Perpetual Growth: Incubator Farmer Tom Saile

Tom Saile first picked up gardening from his Grandfather. While he has gardened on his own for a long time, now he is scaling up and starting a farm business through the Incubator Farm Program at the IFFS Teaching Farm on Tryon Rd, just putting his first crops in the ground for his new venture: “Perpetual Grow” farm. After working in sales and as a marketing manager for five years, Tom was laid off at the end of last year, which he calls a “blessing in disguise.” The change allowed him to find a new career path that he’s more genuinely passionate about – farming. He initially explored a number of different options for his next step, including going back to school, but found the IFFS Teaching Farm to be an environment he can learn from on a daily basis. Tom discovered the farm while driving by one day in October last year, and has been volunteering ever since.

While he now hopes to run his own farm business one day, building a clientele among chefs in area, he knows farming is “definitely not going to be the easy route.” It wasn’t an easy decision for Tom to pursue this dream, but with his marketing and leadership skills, as well as his handy hobbies of camping, carpentry, and woodworking, he feels like he has a skill set that will allow him to succeed. The three keys to success in starting a farm business as Tom sees it are: marketing, relationship building, and hard work! Tom says he’s “not afraid of hard work, especially when I can see the results.”

Tom is starting a blog (link to come soon!) to help market his new business as well as to network with other farmers. He’s excited for this season of CRAFT United Piedmont farm tours. He says he’s found the farming community to be really friendly and helpful.

“It has to do with community, with getting to know your neighbor.”

The blog may also serve as an educational tool as well – part of what makes Tom so passionate about farming and why he knows it will be fulfilling as a career, is the potential it has to create change. Tom believes education about food and how to grow it will be important for the future and laments the disconnect between people and where their food comes from that’s occurred over the past 50 years or so, when previously connection to agriculture was such “a huge part of our species’ culture.” He loves the small-scale, regional, grassroots farming and food movements, and he’s excited about encouraging others to grow their own, too, as he launches his own new farming career.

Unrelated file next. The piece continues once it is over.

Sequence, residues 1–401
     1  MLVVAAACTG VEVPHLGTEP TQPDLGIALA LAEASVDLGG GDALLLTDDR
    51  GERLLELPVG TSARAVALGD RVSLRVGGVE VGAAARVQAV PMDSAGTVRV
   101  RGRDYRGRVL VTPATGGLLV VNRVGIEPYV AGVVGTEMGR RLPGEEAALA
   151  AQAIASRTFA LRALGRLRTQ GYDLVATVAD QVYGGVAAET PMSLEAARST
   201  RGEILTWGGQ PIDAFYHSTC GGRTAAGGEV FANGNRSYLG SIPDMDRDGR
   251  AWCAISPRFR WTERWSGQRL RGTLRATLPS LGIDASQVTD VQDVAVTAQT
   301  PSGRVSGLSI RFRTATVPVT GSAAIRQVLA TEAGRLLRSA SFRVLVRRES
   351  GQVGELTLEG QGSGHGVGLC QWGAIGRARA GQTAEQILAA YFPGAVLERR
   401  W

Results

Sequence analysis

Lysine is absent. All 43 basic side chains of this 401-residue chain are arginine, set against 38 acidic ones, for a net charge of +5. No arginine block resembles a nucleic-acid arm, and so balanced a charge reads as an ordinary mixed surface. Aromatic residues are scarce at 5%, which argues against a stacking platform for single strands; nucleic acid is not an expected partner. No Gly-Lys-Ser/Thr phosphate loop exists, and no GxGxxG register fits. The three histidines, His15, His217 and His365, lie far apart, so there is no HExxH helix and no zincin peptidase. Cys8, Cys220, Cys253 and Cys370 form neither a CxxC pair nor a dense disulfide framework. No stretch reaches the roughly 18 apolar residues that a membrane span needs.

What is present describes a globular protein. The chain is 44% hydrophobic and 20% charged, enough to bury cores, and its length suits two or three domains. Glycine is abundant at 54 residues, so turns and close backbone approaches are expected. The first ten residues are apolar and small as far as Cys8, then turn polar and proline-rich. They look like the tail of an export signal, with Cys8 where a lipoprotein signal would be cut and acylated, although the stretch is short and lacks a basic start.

Why the Incubator Farm Program?

Tom lives in a neighborhood with a Homeowners Association that has strict rules about gardens and the appearance of lawns, which had previously limited the gardening he was able to do. Thankfully, he’s now found in the Incubator Farm Program a new place to grow that allows him more freedom and space to grow, while providing a place to learn the ropes of farming at the same time.

Tom appreciates the Incubator Farm program not just for the increased space and flexibility it provides for him to grow, but also for the education it provides.

“They’re not just saying that they’re facilitating new farmers – they’re actually doing it. They [IFFS Staff Sun, Kay, and Joshua] really do take the time to teach us, even when they’re super busy. They’ll stop and answer a question or show us how to use a tool. They really want to see us get off the ground.”

Tom is planning out his business with care, using a tool called “Ag Squared” to help him keep records of what he’s planting, cost of materials, sales, etc.

What’s he growing?Tom's peppers Incubator Farm

Tom is planting three types of tomatoes, three types of peppers, squash, edamame, okra, many types of basil, as well as other culinary herbs.

He is excited about different ways to preserve and create other products from what he grows, particularly basil. It can be sold fresh, dried, made into pesto, tea, even ice cream! He knows herbs are one thing he grows that definitely won’t go to waste.

He plans to incorporate permaculture growing techniques into his farm, such as inter-planting crops and companion planting. For example, he’ll be mixing basil in with his tomatoes and peppers to add extra flavor AND to deter pests. Companion planting is one way to grow without the use of pesticides and herbicides. He’ll also be inter-planting beans and squash, which can grow in the same space, since the beans will grow upwards while the squash spreads across the ground.

Look for produce from “Perpetual Grow” at the IFFS Farm Stand when it opens later this month!